Parashat Shelach / A High-handed Sinner

What Manasseh does is simply to read the negative verses about Reuben and Eliphaz, in a literal manner. Through that reading, he expresses his theological surprise that God includes these negative verses in the Torah.

A person who has accidentally sinned must bring a sacrificial offering as atonement. However, in this week’s Parashat Shelach (Numbers 13:1 – 15:41), the Torah states categorically: “But the soul that doeth aught with a high hand, whether he be home-born or a stranger, the same blasphemeth the Lord; and that soul shall be cut off from among his people. Because he hath despised the word of the Lord, and hath broken his commandment; that soul shall utterly be cut off, his iniquity shall be upon him” (Numbers 15:30-31).

Those who sin deliberately and are thus guilty of blasphemy are punished by heaven, with the penalty being that they are cut off from their people. Although the Torah does not explicitly mention the nature of such a deliberate sin, the sages, in a midrash in Sifre, provide an explanation: They call one of Israel’s evil kings, Manasseh, a blasphemer because he spoke against God. His blasphemy was expressed by means of a homily, a midrash. Why, Manasseh asks in it, does God mention in the Torah the sins associated with Jacob’s son Reuben, and with Lotan’s sister, Timna. The sages do not say what was his answer was, if he had one, nor what his homily was.

The sages explain that Manasseh “is referred to specifically in the verse, ‘Thou sittest and speakest against thy brother[; thou slanderest thine own mother’s son]. These things hast thou done, and should I have kept silence? [Thou hadst thought that I was altogether such a one as thyself]’ (Psalms 50:21). You [Manasseh] thought that God acts like human beings. [You will, however, see:] ‘but I will reprove thee, and set the cause before thine eyes’ (Psalms 50:21)” (Sifre, Numbers: 112).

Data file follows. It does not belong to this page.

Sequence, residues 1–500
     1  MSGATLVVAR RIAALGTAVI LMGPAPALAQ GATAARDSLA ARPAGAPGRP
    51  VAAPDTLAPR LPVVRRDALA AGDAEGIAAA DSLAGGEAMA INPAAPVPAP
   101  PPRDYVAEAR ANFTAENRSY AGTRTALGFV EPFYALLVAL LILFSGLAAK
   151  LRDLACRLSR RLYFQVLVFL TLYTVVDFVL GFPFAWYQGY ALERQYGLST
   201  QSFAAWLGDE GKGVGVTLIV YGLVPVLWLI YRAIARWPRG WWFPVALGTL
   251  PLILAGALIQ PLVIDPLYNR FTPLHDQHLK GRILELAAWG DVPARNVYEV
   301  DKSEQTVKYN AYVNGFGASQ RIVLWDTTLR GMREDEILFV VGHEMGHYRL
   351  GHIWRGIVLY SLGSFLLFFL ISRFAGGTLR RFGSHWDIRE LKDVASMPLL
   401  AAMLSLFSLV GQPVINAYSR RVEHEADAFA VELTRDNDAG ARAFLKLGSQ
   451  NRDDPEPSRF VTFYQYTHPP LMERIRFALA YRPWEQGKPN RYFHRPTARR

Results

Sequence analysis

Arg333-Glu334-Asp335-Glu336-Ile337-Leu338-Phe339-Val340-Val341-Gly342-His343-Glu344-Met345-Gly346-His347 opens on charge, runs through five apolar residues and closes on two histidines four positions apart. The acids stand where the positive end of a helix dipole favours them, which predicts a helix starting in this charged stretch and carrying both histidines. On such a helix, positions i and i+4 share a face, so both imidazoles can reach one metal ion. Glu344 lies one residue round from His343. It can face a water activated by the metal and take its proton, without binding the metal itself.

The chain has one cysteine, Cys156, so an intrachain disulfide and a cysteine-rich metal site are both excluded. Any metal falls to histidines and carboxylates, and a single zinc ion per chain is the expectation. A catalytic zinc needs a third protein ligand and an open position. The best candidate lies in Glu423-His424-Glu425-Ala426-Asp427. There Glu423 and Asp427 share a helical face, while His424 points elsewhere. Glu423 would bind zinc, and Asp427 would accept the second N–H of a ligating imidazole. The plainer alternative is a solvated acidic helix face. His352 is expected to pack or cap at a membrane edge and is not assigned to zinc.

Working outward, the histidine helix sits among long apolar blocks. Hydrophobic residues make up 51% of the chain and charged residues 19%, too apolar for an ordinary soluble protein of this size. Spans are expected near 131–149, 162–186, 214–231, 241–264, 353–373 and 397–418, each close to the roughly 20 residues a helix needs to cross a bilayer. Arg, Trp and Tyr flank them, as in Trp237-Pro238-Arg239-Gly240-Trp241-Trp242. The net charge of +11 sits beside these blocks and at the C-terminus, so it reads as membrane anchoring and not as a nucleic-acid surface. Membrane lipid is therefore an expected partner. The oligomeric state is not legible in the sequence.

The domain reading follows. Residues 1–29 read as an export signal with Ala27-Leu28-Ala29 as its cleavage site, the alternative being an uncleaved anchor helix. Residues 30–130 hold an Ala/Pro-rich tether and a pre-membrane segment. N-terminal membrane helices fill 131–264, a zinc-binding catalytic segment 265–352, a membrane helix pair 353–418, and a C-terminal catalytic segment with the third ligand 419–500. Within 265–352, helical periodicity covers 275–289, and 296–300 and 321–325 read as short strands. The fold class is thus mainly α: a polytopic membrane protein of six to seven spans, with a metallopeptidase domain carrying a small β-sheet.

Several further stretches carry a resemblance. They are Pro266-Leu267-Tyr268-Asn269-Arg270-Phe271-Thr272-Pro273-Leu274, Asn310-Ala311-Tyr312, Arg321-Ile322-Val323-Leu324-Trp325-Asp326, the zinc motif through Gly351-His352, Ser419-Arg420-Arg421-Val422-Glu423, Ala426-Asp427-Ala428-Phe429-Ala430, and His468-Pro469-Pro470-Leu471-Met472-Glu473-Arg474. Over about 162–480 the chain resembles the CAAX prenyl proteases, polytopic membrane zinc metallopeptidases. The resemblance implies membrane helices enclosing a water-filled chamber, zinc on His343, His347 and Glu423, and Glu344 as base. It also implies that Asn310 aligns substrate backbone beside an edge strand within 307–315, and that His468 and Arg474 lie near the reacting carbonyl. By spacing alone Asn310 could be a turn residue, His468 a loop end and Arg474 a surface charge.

According to the sages, the classic example of the high-handed, deliberate sinner is Manasseh, who, despite being an idolater, was also a Torah scholar. However, his interpretations of the Bible constituted acts of slander against God.

Reuben’s sin is mentioned several verses after Rachel’s death is described: “And it came to pass, while Israel dwelt in that land, that Reuben went and lay with Bilhah his father’s concubine; and Israel heard of it” (Genesis 35:22).

In his malicious homily, Manasseh was referring to that verse, which touches on a sensitive issue. The Mishnah tells us how, “In the synagogue the story concerning Reuben [that is, Gen. 35:22] is recited but not translated out loud [into Aramaic]” (Tractate Megillah, Mishnah 4:10). Rashi’s comment: “The reason is the fear that Reuben would be seen in a negative light.”

Unlike the Mishnah, Manasseh does not “prohibit” the verse’s translation; in other words, he does not seek to control the way this information about Reuben is understood and disseminated. He brazenly asks if this is what God thought fit to include in the Torah text.

Similarly, the second verse interpreted by Manasseh, the one refering to Eliphaz, is related to the genealogical chain contained in “These are the sons of Seir the Horite, the inhabitants of the land: Lotan and Shobal and Zibeon and Anah” (Gen. 36:20). The reference to Lotan’s sister, Timna, would have been of little significance were it not for the fact that she is referred to a few verses earlier in the genealogy of Esau’s family.

Esau had three wives: Adah, Basemath and Oholibamah. The latter was the daughter of Anah, Lotan’s brother; thus, Timna was the sister of one of Esau’s wives. However, Timna was also Eliphaz’s concubine: “And Timna was concubine to Eliphaz, Esau’s son” (Gen. 36:12). Just as Reuben had sexual relations with Bilhah, his father’s concubine, Eliphaz slept with Timna, the aunt of his father’s wife. In both cases, there is a crossing of accepted family boundaries, and the sexual act might even be considered a way to implicitly challenge the father’s authority.